jamie.hanlon@ualberta.ca
780-492-9214
University of Alberta

Public Release: 4-Sep-2013
First study to investigate the human genome in multiple sclerosis
The National Institutes of Health awarded Benaroya Research Institute at Virginia Mason a $1.9 million grant to find marks in the human genome which can explain why some white blood cells cause damage to the spinal cord and brain in multiple sclerosis (MS). This is the first study to look for molecular changes in the genome of specific immune cells responsible for the devastation caused by MS.
National Institutes of Health

Contact: Kay Branz
kbranz@benaroyaresearch.org
206-342-6903
Immune Tolerance Network

Public Release: 3-Sep-2013
Making plants' inner qualities visible
Not only psychologists would be happy to be able to look inside their patients' heads -- a plant's "inner qualities" also supply plant researchers with valuable information. A special camera analyzes the constituents of grapevines, corn and other plants.

Contact: Dr. Udo Seiffert
udo.seiffert@iff.fraunhofer.de
49-391-409-0107
Fraunhofer-Gesellschaft

Public Release: 3-Sep-2013
ZooKeys
Revolving images and multi-image keys open new horizons in descriptive taxonomy
A paper recently published in the open access journal ZooKeys presents an innovative case study aiming to overcome the challenges faced by taxonomists in describing complex structures essential for species description and identification. The authors use multiple techniques, including an interactive key and rotatable scanning electron microscope images to meet these challenges.

Contact: Nesrine Akkari
nakkari@snm.ku.dk
45-35-32-10-01
Pensoft Publishers

Public Release: 2-Sep-2013
The future of biodiversity publishing
The EU e-Infrastructure coordination project "pro-iBiosphere", targeting the preparation of a European Open Biodiversity Knowledge Management System, makes thirteen recommendations to enhance the publication process to make biodiversity data accessible, computable and re-usable.

Contact: Donat Agosti
agosti@plazi.org
41-765-069-092
Pensoft Publishers

Public Release: 2-Sep-2013
Recommendations on how to move the naming of organisms from paper and on to the Internet
The EU e-Infrastructure coordination project "pro-iBiosphere", targeting the preparation of a European Open Biodiversity Knowledge Management System, makes ten recommendations to increase the adoption of digital workflows in the biodiversity domain.

Contact: Dr. Quentin Groom
quentin.groom@br.fgov.be
Pensoft Publishers

Public Release: 30-Aug-2013
2013 MSA Coalition Annual Conference
CARRE Foundation selects TGen for unprecedented research into causes of multiple system atrophy
Under the banner, "Quest to Cure MSA in honor of Rex Griswold," the Translational Genomics Research Institute today was tapped to conduct the world's most in-depth genomic investigation into the causes of MSA. The project is funded by a $100,000 grant from the CARRE Foundation, part of CSP Business Media. MSA was selected as the beneficiary of a 2013 CARRE Foundation fundraising event in honor of Nestle's Rex Griswold.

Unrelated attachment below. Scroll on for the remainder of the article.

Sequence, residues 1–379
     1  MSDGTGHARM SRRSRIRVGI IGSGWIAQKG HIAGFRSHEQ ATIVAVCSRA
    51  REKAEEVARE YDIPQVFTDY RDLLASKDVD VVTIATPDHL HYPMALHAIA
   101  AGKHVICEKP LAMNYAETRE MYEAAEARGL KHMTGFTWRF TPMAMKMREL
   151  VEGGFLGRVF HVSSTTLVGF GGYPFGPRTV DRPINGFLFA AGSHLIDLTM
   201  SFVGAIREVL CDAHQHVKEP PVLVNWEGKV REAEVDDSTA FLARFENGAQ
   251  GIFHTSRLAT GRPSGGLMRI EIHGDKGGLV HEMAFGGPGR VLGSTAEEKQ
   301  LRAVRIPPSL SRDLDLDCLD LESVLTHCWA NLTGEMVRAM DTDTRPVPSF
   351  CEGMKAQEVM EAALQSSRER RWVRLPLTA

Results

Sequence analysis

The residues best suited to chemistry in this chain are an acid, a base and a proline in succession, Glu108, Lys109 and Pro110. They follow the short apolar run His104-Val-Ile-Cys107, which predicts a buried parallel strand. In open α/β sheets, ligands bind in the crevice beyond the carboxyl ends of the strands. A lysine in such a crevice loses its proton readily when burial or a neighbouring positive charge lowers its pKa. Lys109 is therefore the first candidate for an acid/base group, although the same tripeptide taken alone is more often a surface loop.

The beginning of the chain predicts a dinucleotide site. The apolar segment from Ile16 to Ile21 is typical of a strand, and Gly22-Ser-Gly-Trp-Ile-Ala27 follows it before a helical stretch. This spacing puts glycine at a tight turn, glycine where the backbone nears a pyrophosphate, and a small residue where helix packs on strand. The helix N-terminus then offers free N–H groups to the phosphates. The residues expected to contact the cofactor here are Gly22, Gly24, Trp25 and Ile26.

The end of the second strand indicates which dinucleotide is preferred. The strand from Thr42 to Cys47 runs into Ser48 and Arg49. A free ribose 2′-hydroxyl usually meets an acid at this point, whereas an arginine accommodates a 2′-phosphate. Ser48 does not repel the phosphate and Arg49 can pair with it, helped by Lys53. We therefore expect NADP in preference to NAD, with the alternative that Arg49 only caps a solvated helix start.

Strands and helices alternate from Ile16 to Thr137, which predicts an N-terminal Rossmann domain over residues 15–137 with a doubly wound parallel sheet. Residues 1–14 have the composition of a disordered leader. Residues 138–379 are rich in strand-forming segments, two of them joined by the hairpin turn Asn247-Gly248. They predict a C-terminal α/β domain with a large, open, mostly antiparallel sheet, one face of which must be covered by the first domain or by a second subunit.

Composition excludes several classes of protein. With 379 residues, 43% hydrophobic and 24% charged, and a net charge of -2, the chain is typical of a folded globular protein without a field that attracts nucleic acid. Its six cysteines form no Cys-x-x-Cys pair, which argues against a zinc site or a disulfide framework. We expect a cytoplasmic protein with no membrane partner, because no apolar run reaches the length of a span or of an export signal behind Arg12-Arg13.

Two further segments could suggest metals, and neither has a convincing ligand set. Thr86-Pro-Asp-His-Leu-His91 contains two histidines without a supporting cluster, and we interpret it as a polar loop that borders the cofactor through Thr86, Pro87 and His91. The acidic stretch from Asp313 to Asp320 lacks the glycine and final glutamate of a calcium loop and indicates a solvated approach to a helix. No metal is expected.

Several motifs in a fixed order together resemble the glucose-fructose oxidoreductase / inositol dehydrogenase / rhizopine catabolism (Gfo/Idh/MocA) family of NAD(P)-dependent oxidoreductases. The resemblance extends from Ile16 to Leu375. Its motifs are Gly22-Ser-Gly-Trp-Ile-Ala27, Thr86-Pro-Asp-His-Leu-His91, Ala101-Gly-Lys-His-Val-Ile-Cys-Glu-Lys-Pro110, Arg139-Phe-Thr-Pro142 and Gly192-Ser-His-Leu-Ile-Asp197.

Charitable Alliance of Restaurant and Retail Executives Foundation

Contact: Steve Yozwiak
syozwiak@tgen.org
602-343-8704
The Translational Genomics Research Institute

Public Release: 29-Aug-2013
Science
Young whoopers stay the course when they follow a wise old bird
How do birds find their way on migration? Is their route encoded in their genes, or learned? Working with records from a long-term effort to reintroduce critically endangered whooping cranes in the Eastern US, University of Maryland-led researchers found these long-lived birds learn the route from older cranes, and get better at it with age.
National Science Foundation, LOEWE Programme, Robert Bosch Foundation

Contact: Heather Dewar
hdewar@umd.edu
301-405-9267
University of Maryland

Public Release: 29-Aug-2013
Journal of Clinical Investigation
Tracking Huntington's disease through brain metabolism
In this issue of the Journal of Clinical Investigation, David Eidelberg and colleagues at the Feinstein Institute of Medical Research, evaluated changes in the brain metabolism of a small group of preclinical HD carriers over the course of seven years and identified a metabolic network that is associated with HD progression. Measurable increases in the activity of this network were predictive of time to symptom onset.
National Institutes of Health, CHDI Foundation Inc.

Contact: Corinne Williams
press_releases@the-jci.org
Journal of Clinical Investigation

Public Release: 29-Aug-2013
Cell
Compounds point the way to cancer's dependencies
The Broad Institute's Center for the Science of Therapeutics today announced the launch of its Cancer Therapeutics Response Portal -- a critical resource for advancing the discovery of potential cancer drugs matched to the patient populations most likely to benefit from them. The portal contains more than 70,000 connections between compound sensitivities and genetic or lineage features of cancer cell lines -- creating a public resource for finding therapeutically exploitable vulnerabilities in different cancer types.